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  1. #1
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    ....died yesterday aged 84.



    Listen to this and tell me you don't have a smile on your face.



    [ame=http://uk.youtube.com/watch?v=fbuqH_Gkgq0]YouTube - Yma Sumac[/ame]



    BTW...that's Billy May's chart and his colossal 50's studio band.

    Conrad Gozzo is the lead trumpet.

    Amazing....

  2. #2
    Senior Member moonfleet's Avatar
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    name='Freddie Freeloader']....died yesterday aged 84.



    Listen to this and tell me you don't have a smile on your face.



    YouTube - Yma Sumac



    BTW...that's Billy May's chart and his colossal 50's studio band.

    Conrad Gozzo is the lead trumpet.

    Amazing....


    I got a record from her, very "kitsh" and wonderfull....



    Moon.

  3. #3
    Senior Member Country: Scotland julian_craster's Avatar
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    From the Washington Post:

    Yma Sumac, 86; Postwar Sensation Had Unique Voice

    by Adam Bernstein



    Yma Sumac, a Peruvian folk entertainer (?) with an astonishing vocal range who surged to fame in the 1950s with an "Incan princess" mystique that

    captivated millions of record-buyers in search of exotic sounds, died of

    cancer Nov. 1 at an assisted living facility in the Silver Lake section of

    Los Angeles.

    She was believed to be 86, according to personal assistant Damon Devine, who said he had seen the birth certificate.

    Nearly every biographical aspect of Ms. Sumac's life was long in dispute,

    including her age, her town of birth and her ancestral claims
    that on her

    mother's side she was a descendant of the last Incan emperor, Atahualpa.

    Fueled by an intensive publicity machine, the rumors grew so thick at one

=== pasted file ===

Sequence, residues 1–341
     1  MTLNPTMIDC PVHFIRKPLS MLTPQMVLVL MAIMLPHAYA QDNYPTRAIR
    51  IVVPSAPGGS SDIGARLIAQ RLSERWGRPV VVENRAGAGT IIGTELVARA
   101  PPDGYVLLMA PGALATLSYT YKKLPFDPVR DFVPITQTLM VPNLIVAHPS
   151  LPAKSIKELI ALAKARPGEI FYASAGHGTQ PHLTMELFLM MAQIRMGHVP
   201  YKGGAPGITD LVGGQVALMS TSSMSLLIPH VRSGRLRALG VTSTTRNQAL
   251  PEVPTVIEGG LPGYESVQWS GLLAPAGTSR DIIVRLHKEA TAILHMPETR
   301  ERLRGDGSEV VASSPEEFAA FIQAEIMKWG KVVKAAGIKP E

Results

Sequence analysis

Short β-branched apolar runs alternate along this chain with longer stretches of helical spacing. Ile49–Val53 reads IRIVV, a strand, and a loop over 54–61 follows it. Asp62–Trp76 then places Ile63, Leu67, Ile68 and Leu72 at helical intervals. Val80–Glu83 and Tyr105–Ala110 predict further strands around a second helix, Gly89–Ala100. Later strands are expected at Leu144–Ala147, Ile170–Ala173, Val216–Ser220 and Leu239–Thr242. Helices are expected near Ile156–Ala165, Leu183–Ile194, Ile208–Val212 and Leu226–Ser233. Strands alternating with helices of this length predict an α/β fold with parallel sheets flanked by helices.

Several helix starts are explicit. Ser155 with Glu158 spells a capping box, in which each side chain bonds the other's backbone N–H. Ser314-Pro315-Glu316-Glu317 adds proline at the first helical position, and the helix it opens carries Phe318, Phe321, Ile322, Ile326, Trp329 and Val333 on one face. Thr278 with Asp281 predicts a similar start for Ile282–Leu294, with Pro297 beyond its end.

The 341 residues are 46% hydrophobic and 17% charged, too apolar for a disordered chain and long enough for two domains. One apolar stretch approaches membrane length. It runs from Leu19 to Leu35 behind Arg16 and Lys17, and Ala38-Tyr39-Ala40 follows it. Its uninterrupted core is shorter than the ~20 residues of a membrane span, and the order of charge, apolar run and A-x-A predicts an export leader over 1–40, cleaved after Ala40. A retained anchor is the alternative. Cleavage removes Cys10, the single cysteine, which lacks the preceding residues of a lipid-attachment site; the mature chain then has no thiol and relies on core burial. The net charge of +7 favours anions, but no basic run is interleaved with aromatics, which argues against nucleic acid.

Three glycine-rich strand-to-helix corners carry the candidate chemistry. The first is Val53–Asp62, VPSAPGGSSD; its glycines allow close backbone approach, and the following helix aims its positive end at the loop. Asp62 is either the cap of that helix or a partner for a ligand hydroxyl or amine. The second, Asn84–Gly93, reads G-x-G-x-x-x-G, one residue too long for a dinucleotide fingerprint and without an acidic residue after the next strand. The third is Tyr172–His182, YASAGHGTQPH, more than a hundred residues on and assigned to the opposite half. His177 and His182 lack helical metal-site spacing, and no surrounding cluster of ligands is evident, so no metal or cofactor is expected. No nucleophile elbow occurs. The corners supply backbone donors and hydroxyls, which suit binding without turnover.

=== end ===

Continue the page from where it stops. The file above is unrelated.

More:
point that she was jokingly rumored to be a "nice Jewish girl from Brooklyn" (!) who had merely reversed her name, Amy Camus.



    Ms. Sumac (pronounced EEE-maw SUE-mack) thrived during a postwar period of American music when the exotic was hip and the composer Eden Ahbez ("Nature Boy") was briefly in vogue.

    Los Angeles Times music critic Don Heckman once called Ms. Sumac "a living,

    breathing, Technicolor musical fantasy -- a kaleidoscopic illusion of MGM

    exotica come to life in an era of practicality."

    Onstage and off, Ms. Sumac adopted a regal poise and stretched back her

    raven hair to make her haughty cheekbones even more pronounced. She was fond

    of flamboyant clothing often laden with gold and silver jewelry, and she

    spoke of her musical influences among jungle animals.

    "At night in my bedroom I hear the whoo-whoo of the little birds and I hear

    the dogs barking very sad," she told People magazine. "That's what I put in

    my records. I don't bark bow-wow, but I bark whoo, and I sing like the

    birdies."

    As an interpreter of Andean folk-influenced songs, her voice sailed,

    growled, roared and yelped effortlessly across four octaves -- from bass to

    soprano to coloratura soprano. She was adept at mimicking animal calls, from